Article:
How to Pay for Postsecondary Education

Postsecondary education is schooling that comes after high school. It includes four-year university programs, two-year community college programs and specialty programs in technical, vocational and trade schools. No matter which program your student may be interested in, it’s never too early to start planning how to pay for secondary education.

A good approach to starting the process of figuring out how much money to save is by working with your student to determine their interests. Does your student want to go to school within the state where they live? Do they want to travel somewhere across the United States or internationally? Is the military lifestyle calling them? Are they undecided and want to take things slow at a local community college? Your student’s schooling preferences will make it easier to plan and budget.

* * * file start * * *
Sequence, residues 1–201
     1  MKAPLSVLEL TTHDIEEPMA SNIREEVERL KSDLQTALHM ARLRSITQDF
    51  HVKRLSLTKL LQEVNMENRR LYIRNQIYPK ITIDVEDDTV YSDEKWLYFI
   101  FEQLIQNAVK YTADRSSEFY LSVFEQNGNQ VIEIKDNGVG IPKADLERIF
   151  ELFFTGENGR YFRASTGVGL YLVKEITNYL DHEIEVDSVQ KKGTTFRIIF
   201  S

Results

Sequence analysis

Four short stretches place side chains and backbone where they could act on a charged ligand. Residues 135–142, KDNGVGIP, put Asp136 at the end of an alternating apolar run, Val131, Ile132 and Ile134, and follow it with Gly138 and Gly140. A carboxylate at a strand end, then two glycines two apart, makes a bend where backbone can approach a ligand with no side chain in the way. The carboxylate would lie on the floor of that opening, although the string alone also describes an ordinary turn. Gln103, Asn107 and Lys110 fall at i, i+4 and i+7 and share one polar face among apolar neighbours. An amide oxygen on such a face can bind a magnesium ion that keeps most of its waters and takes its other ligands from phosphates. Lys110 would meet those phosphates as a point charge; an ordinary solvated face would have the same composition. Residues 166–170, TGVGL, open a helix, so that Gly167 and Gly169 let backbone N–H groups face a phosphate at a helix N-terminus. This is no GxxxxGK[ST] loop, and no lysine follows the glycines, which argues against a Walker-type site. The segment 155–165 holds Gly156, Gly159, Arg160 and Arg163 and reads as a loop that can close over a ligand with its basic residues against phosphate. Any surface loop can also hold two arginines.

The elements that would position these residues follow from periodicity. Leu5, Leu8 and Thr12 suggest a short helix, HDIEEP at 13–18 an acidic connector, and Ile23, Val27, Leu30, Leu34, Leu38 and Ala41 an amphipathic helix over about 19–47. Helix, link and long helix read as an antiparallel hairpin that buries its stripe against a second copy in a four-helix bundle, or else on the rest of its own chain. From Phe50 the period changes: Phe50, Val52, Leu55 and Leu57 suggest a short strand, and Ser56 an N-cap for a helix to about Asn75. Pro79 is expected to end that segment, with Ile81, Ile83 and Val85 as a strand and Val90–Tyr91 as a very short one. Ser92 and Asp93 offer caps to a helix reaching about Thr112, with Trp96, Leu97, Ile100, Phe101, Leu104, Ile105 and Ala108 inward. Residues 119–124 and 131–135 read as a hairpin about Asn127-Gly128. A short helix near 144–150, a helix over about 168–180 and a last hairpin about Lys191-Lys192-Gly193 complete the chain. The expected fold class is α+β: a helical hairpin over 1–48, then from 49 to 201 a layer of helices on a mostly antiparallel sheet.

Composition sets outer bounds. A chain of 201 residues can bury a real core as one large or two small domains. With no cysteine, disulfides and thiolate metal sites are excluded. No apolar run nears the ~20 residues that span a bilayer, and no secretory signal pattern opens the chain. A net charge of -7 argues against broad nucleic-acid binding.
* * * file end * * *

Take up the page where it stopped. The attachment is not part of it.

Though parents are not legally obligated to pay for their children’s college education, the U.S. Department of Education established Expected Family Contribution (EFC) guidelines to assess how much money a student and their family are reasonably expected to pay towards their postsecondary education. According to private foundation College Access Fairfax, the EFC “is a federal calculation based on information” provided on a required financial aid form known as the Free Application for Federal Student Aid (FAFSA).

When students and parents fill out the FAFSA, they must include specific information including income for the parent and student, assets for the parent and student, the number of people in a household, the number of people in college, the marital status of the applicants and the dependency status of the student. Because every family’s composition and circumstances are widely different, the resulting EFC calculation is different for each student.